Playability: First things first, this is D&D. It's even based off of the 3.5 rules, so it's about as playable as they come. They have added in some new goodies for us though. The world of Warcraft has a large technological contingent to it, thanks largely to the Dwarves and Goblins (one of several changes to classic fantasy stereotypes. Goblins are crazy tinkers...). Things like black powder guns, steam tanks, powered mechs used for tree harvesting; all these things exist and it simply wouldn't be right if you couldn't build them. That's why this book has all the rules you'll need for creating your own marvels of technology. The rules for technological creation are a little bit complicated, and will take some getting used to, but they are definitely workable. In any case, there are a few other changes to get used to as well: Divine spells don't work the same way, a lot of arcane magic is linked to demons, orcs are as intelligent as humans and have an equally useful society... Nothing, however, that is too complicated to understand or that's not worth getting into. Fans of the series will feel right at home, as a great job has been done converting the feeling of the game to a Pen and Paper escapade. Even powers from the game make appearances here. A lot of times so well integrated that it will take you a moment to figure out that they're talking about a video game power. Some of these include "True Shot Aura", a power in the RTS games that causes your archers to do more damage and "Precision Leadership" which increases the bonus to hit of followers. Essentially this is like playing the video game with a far more personal flare, and a damn lot of fun besides. 4 out of 5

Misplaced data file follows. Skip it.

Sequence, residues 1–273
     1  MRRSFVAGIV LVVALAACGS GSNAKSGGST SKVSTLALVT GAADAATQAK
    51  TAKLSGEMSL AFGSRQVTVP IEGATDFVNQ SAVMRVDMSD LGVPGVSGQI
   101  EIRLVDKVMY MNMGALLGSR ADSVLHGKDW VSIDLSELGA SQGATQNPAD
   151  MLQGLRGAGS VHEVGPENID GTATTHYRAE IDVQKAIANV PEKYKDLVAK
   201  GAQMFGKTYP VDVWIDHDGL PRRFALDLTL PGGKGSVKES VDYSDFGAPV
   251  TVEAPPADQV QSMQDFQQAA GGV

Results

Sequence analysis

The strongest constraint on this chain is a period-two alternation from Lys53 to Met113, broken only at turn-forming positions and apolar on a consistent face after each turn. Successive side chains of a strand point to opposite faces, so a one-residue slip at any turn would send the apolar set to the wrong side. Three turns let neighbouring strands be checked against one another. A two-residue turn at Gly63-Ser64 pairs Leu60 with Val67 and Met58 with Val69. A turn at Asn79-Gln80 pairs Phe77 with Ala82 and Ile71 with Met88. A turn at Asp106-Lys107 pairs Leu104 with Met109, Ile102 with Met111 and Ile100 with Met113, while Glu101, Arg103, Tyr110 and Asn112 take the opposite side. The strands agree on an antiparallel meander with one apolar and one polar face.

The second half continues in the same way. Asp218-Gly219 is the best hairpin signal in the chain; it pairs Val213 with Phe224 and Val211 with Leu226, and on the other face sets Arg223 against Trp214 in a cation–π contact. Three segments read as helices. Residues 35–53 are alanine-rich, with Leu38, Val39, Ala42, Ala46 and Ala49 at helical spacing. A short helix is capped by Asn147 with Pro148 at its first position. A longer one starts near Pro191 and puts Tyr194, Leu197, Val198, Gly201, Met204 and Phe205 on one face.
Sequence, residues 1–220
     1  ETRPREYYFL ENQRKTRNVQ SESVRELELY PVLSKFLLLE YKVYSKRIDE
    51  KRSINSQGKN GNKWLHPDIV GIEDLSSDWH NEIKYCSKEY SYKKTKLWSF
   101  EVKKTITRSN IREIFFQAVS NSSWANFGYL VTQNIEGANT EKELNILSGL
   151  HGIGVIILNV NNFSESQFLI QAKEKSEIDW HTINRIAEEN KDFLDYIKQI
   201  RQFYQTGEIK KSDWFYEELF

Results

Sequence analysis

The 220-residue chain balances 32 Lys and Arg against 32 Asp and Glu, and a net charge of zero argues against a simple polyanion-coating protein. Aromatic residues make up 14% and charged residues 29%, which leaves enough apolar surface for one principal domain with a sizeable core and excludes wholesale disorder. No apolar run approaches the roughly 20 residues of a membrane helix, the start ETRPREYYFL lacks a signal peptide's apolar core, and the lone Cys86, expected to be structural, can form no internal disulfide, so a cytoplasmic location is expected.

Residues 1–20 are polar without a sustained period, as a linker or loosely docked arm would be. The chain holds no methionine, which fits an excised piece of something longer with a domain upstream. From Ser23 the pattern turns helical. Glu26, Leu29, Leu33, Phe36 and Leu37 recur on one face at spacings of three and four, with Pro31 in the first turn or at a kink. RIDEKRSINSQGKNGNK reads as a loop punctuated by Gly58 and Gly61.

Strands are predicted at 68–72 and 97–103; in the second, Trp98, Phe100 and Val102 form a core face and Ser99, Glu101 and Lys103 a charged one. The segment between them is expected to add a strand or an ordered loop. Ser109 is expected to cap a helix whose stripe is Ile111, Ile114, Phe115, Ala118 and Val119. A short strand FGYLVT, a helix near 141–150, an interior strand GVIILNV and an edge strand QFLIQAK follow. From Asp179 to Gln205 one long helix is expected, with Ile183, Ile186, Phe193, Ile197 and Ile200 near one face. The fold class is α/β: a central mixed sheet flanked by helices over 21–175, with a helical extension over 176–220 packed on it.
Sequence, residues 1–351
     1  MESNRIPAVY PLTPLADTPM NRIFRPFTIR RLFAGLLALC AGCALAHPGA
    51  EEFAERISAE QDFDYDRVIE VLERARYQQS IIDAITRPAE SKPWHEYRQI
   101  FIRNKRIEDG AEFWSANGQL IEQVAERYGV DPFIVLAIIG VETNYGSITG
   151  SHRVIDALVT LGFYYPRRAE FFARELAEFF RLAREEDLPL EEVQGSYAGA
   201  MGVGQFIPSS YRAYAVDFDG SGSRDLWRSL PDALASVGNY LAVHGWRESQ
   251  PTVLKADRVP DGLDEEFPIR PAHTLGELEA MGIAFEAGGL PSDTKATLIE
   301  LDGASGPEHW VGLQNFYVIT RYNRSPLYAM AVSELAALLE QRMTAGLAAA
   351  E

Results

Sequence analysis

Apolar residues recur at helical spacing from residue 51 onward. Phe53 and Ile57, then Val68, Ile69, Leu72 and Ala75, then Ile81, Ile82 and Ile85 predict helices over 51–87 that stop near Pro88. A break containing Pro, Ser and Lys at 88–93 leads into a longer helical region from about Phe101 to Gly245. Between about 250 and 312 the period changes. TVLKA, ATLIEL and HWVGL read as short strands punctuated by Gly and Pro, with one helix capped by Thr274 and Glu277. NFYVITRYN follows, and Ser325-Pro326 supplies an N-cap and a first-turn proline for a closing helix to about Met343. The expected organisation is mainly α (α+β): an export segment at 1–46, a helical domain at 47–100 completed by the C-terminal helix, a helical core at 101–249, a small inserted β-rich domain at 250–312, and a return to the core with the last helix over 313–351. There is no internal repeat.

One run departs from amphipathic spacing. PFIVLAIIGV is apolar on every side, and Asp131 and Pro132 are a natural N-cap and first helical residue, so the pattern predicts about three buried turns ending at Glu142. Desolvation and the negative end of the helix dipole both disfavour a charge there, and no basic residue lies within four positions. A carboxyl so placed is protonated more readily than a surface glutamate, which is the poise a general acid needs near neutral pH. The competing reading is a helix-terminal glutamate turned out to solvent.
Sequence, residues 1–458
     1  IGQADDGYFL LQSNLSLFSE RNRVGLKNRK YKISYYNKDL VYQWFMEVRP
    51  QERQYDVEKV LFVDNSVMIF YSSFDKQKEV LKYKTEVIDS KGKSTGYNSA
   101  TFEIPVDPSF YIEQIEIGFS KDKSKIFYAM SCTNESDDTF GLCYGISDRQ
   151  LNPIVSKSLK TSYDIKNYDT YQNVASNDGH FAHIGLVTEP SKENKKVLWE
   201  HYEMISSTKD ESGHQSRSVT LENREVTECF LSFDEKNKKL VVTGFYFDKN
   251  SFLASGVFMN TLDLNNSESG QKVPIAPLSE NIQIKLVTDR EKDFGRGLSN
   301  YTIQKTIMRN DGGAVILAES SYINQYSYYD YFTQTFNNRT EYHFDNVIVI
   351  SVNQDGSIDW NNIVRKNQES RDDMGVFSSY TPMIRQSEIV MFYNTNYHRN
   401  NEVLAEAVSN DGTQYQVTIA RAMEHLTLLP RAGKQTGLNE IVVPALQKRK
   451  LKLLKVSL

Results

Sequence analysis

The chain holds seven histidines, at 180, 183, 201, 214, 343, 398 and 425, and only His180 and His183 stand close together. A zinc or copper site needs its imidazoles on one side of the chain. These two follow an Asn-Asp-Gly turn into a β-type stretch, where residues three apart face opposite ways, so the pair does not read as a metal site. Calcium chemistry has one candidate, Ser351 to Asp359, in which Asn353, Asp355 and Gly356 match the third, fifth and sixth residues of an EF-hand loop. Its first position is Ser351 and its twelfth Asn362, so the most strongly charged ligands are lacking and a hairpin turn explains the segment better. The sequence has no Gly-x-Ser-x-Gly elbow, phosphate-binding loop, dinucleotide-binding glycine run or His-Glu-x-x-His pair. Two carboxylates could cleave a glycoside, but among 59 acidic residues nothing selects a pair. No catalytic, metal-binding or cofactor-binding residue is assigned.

Desired Content: Above I attributed Dwarves and Goblins with the majority of technological acumen in the Warcraft world. Before you Gnome lovers write in screaming about submarines, I'm aware of their existence. This book, however, isn't. It's part of my one only real complaint; the fact that it only really covers about half the world. The entire book takes place in Kalimdor and does its level best to ignore the entire rest of the world. For people with no familiarity with the series, this really makes no difference. The continent of Kalimdor is huge and has more than enough content to satisfy the hungriest of adventurers. To true fans of the series, however, it feels like they've dropped out half of the planet. More importantly (and vastly more important than leaving out Gnomes), they've left out Trolls as well! TROLLS! All right, I realize that this is a highly personal complaint and that most people won't actually care. For those that do, though, they are going to include many of the things they left out in future supplements. You can't put everything in one book, and what they have put in here is more than enough to get your fantastic adventures afoot. They give plenty of adventure hooks and, as mentioned, the continent of Kalimdor is more than large enough to support all the adventures you need. 3.5 out of 5
|If you're a huge fan of the Warcraft RTS series, this is a fabulous addition to your pen and paper repertoire. Sword and Sorcery has done a great job in capturing the feel of the Warcraft world and translating it into dice rolls. Exploring both sides of the world is a blast, the thrill of leading units into battle coupled with the less often seen political interaction... It's a great game and a real treat for Warcraft fans everywhere.|
The Good: Excellent translation from a mouse-controlled world to a dice controlled one.
The Bad: Seriously, there's almost no mention of the Trolls or Ogres! Where's the love?
The Overall Ugly: If you've been waiting to play around in Azeroth, your time is now.
What it's Worth: Pay the man his money, it pays for more quality products like this.